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Wednesday, November 17, 2010

Full Time Daughter Bina 2010

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Title: Full Time Daughter

Byline: As told to Debbie Shapiro

Lead in:

Renee Smith is an extremely busy woman. In addition to mothering her children still at home, and being there for her married children and grandchildren, she heads an extremely active older N'shei division, is in charge of a group of women who regularly set up, serve and clean up for brissos in the community, volunteers to do sewing repairs for local women who don't know how to sew, operates the English language library, volunteers once a week in the zoo, is an active quilter… and is a devoted daughter to her ninety-seven year old mother. 


My mother moved to Israel eight years ago, when she was eighty nine years old. Today, she lives next door to us. We were fortunate to successfully secure the services of a foreign worker taking care of her around the clock, as well as a Jewish woman who comes in for a few hours a day to do the cooking and to accompany her to her doctors' appointments. However, the responsibility for my mother's care falls completely on my shoulders.

Since my mother is in a wheelchair and can't get out very much, I bring the outside world into her home. I've arranged for a weekly shiur as well as the monthly senior N'shei potluck Rosh Chodesh lunch-and-lecture to be held in her living room, and she loves the socializing! I also take my mother to all the simchos in the neighborhood, although it can be complicated to maneuver the wheelchair on stairs and hills. Everyone knows her – and loves her – as Bubby.

We have four generations at our Shabbos table – my mother, my husband and I, our children, and our grandchildren. My mother enjoys her role as the senior member of the family, and we enjoy her company and include her in all our family get-togethers.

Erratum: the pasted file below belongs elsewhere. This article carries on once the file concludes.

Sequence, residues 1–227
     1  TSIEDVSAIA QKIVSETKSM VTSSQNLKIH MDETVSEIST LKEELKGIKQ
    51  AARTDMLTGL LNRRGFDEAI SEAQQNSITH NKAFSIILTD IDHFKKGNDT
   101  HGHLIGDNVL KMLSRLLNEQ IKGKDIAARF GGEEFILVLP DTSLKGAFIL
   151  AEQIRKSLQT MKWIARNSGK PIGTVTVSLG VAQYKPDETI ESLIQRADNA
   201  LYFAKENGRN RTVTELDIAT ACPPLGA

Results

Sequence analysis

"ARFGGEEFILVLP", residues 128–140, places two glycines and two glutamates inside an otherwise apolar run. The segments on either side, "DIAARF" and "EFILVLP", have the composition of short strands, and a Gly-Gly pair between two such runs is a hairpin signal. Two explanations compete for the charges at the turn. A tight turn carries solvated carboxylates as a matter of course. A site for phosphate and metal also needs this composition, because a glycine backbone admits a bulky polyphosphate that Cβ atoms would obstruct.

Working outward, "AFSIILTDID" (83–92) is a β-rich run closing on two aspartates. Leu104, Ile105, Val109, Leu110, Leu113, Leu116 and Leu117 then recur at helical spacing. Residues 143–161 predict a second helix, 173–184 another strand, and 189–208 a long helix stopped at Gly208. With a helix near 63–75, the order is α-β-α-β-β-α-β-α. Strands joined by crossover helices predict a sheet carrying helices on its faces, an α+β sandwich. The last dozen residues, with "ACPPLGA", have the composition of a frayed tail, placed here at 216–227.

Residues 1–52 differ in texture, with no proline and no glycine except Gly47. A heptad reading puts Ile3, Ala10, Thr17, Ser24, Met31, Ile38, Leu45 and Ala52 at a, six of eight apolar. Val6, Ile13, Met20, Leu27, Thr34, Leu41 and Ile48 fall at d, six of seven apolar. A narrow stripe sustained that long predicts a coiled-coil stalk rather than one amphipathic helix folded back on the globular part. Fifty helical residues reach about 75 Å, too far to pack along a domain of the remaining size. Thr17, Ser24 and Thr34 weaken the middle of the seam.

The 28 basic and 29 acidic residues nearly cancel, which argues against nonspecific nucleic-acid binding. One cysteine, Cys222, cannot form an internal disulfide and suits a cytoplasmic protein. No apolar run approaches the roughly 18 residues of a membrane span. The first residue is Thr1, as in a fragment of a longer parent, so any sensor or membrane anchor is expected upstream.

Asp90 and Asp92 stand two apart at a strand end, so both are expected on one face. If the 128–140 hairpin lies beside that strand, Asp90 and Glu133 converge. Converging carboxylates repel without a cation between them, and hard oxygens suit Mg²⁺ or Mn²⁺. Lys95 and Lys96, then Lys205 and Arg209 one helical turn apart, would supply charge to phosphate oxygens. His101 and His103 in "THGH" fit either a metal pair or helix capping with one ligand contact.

Yet, there is also the downside of living in such close proximity to a parent. Being with my mother takes a tremendous amount of emotional energy, and as painful as this is to admit, I find that I have less patience for her than I do for strangers. She almost immediately forgets whatever I tell her, and she repeats the same story over and over – and over -- again. I really don't understand my impatient reactions; perhaps it's because I'm under so much stress from being constantly available for her. If an elderly man or woman on the street were to repeatedly ask me the same question, I'd probably be the paragon of patience and explain the same thing again and again, but with my mother - well, it's a real challenge.

There's another thing too. I have a very busy life; many children and grandchildren, lots of guests and outside commitments, but when my mother wants something, she expects me to drop everything and do it immediately – no waiting around! When she wants a non-urgent prescription filled, or to schedule a visit to the doctor, even after I explain to her that the pharmacy is closed or that the doctor is on vacation, once she decides that something has to be done, that's it, it has to be done NOW!

My mother grows really nervous if I'm not around, which makes it extremely difficult for me to travel. This winter, my grandson’s bar mitzvah will be in the States, and I am hoping to be there. Yet, my anticipation at attending the simchah is marred with worry over my mother's welfare. Her blood pressure shoots up when she's tense and nervous, and when I'm not around, she gets extremely tense and nervous, so, simply put, my leaving will have a negative physical (as well as emotional!) impact on her. The physical symptoms may not be permanent, but, she's ninety seven years old, and she's my motherso you can imagine my guilt at leaving her! I'm torn between my sense of duty to my mother, my desire to see my grandchildren and my responsibility toward my husband, who has his own health issues. There's good reason that we're dubbed the "sandwich generation!"

Despite all the challenges, I'm glad that we're taking care of my mother rather than placing her in a nursing home. We were fortunate to find an apartment next door, so both of us retain a bit of personal space. Living close by has been a beautiful opportunity for the children and grandchildren to get to know their grandmother, while she has had the nachas of seeing her grandchildren and great-grandchildren grow up.

My mother realizes how much we're doing for her, although at times she might forget. She tells everyone that I'm her best daughter and that my husband is her best son-in-law, (she fails to point out that I'm her only daughter!) We have our difficult moments, but we have lighter moments, as well. We enjoy playing card games together, and we love to kid around with each other -- she has a great sense of humor.
So yes, although there are real challenges, I'm extremely grateful that I have the zechus of taking care of my mother in her old age. I wouldn't give it up for anything, and b'ezras Hashem, I hope that I will be able to take care of her (and be in good health to do it!) until she's a hundred and twenty years old.

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